A military hero who returns to the U.S. with a whole lot of trouble following him back. With nowhere else to turn, the man asks CTU to help him save his life while also stopping one of the largest-scale terror attacks on American soil.
Due to a political conspiracy, an innocent man is sent to death row and his only hope is his brother, who makes it his mission to deliberately get himself sent to the same prison in order to break the both of them out, from the inside.
In this concept drama, each season takes place within one 24 hour period. Day 1: Jack Bauer is the head of field ops for an elite team of CTU agents who uncover an assassination plot targeting Presidential nominee David Palmer. Meanwhile, Jack's strained marriage to his wife, Teri, is pushed to the brink by the sudden disappearance of their troubled teenage daughter. What will the next 24 hours hold? Written by
Sean Astin got his part on the show because he and producer Joel Surnow went to the same chiropractor. When Astin turned out to be a fan of the show, Surnow offered him the part of Lynn McGill. See more »
The booming-beeping clock effect at the commercial breaks alternates between two pitches, but the pitches do not consistently match up with the even vs. odd seconds displayed. See more »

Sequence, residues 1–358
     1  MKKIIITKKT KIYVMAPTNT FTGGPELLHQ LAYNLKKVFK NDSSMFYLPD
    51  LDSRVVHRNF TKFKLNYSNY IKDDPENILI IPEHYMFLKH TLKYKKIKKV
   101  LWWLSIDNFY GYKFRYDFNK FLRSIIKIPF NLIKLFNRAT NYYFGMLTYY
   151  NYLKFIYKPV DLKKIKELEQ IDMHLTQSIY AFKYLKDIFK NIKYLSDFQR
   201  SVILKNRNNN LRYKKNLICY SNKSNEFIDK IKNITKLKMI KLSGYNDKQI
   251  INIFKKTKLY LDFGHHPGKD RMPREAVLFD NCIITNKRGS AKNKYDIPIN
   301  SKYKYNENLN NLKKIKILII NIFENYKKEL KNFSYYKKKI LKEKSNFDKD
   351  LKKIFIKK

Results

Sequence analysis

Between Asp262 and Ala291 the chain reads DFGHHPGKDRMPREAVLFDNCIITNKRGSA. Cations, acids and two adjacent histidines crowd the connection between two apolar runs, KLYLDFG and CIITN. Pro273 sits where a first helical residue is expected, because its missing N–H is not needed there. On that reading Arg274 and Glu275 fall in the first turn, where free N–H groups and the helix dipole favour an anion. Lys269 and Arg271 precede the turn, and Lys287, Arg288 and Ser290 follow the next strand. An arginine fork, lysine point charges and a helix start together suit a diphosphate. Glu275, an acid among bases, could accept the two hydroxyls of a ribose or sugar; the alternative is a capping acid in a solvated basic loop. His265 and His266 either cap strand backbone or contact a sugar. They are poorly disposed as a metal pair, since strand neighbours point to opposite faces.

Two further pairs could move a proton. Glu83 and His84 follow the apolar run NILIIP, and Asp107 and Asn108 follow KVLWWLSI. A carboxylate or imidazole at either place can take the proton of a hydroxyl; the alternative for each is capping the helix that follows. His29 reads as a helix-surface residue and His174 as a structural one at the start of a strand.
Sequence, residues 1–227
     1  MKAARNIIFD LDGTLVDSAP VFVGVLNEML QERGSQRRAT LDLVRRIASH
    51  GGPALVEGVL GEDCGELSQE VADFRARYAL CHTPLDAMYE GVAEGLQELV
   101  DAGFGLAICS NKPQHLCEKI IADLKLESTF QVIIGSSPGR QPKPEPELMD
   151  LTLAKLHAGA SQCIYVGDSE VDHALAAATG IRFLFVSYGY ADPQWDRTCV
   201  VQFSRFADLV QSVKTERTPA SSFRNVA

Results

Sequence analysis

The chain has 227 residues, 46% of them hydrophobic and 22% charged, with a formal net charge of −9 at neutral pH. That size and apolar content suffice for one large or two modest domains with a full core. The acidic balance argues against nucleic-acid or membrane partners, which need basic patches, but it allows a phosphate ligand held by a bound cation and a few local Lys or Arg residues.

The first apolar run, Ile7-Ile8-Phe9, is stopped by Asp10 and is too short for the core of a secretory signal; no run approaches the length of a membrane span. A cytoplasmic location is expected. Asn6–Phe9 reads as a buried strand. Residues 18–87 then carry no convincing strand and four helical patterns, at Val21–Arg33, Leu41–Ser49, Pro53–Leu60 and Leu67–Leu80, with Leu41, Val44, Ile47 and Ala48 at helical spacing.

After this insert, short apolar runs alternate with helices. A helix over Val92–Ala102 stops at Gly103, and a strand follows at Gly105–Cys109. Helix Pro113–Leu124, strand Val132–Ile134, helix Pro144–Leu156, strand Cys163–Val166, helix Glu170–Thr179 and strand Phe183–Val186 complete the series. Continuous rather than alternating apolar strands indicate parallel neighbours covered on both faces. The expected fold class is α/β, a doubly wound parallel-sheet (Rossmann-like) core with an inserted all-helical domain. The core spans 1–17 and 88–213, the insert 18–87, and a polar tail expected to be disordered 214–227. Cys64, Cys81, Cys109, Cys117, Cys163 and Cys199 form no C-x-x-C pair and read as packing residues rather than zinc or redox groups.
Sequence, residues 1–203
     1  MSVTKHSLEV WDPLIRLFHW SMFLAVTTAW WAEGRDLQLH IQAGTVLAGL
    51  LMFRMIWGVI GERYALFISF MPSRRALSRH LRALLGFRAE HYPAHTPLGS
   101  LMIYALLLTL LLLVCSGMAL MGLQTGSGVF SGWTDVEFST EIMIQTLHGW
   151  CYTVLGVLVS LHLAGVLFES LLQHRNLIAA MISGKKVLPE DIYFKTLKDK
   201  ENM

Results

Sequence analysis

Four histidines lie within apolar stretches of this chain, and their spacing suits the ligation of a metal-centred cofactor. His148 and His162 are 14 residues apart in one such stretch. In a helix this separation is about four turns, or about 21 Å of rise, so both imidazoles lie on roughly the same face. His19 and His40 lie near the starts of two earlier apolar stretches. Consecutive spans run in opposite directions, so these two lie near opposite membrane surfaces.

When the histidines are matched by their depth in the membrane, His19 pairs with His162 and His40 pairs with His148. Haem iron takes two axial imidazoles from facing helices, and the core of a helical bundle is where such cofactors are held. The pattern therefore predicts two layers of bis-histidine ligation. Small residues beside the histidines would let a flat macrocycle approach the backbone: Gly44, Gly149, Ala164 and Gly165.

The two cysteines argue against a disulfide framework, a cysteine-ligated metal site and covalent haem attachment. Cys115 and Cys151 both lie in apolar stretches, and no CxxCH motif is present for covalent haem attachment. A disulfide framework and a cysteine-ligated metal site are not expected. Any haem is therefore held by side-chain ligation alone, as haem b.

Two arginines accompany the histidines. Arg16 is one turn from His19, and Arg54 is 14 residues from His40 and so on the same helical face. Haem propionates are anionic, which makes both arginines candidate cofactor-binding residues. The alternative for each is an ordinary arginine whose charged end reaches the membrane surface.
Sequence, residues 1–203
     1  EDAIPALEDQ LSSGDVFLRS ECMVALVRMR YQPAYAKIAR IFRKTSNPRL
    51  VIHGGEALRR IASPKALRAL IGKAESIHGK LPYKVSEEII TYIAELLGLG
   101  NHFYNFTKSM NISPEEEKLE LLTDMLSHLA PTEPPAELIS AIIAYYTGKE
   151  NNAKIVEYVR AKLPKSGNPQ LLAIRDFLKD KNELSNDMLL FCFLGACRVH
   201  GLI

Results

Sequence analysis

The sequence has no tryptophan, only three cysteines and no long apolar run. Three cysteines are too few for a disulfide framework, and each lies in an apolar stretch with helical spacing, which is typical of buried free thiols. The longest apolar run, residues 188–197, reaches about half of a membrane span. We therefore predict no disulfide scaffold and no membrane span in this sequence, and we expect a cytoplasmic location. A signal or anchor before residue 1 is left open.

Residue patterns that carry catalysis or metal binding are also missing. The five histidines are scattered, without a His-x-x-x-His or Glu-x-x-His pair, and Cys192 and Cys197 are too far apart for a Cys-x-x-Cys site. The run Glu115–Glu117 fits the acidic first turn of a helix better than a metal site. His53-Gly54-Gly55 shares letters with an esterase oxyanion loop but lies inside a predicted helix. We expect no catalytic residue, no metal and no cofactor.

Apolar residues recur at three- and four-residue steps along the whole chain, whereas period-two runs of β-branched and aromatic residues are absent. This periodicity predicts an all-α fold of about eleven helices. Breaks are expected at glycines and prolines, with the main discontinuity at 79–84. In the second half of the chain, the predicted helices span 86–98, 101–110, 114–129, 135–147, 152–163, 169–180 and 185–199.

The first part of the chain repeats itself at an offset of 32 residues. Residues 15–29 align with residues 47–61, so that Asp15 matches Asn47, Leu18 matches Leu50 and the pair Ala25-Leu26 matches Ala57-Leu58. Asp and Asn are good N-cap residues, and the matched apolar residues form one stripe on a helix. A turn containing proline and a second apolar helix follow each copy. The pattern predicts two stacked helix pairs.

This show only seems intense. In fact, the show, with commercial breaks is only about 40 minutes long (give or take). That means, that Jack Bauer gets gets 20 minutes of sleep per episode. Over the course of 24 episodes, he gets 8 hours of sleep. Why he's so frantic is beyond me. (No I don't actually believe the character is getting 8 hours of sleep. But you know someone's gonna go, "that's stupid").
Anyway. I know all y'all love the show, and that's great. I just have to disagree with most of you. I don't think this show is interesting, well written, or well acted. Every line is a cliché and every actor is acting so hard all the time. It's the most "acted" show I've ever seen, and not in a good way. It's not that these folks are bad actors, it's that they're acting in a format that requires them to be charactures and archetypes rather than people. Ultimately it's a show built on a novelty, and it's presented in a way that would any kid with ADD say "too much!" I need to go watch Tony Scott's Domino to calm down.
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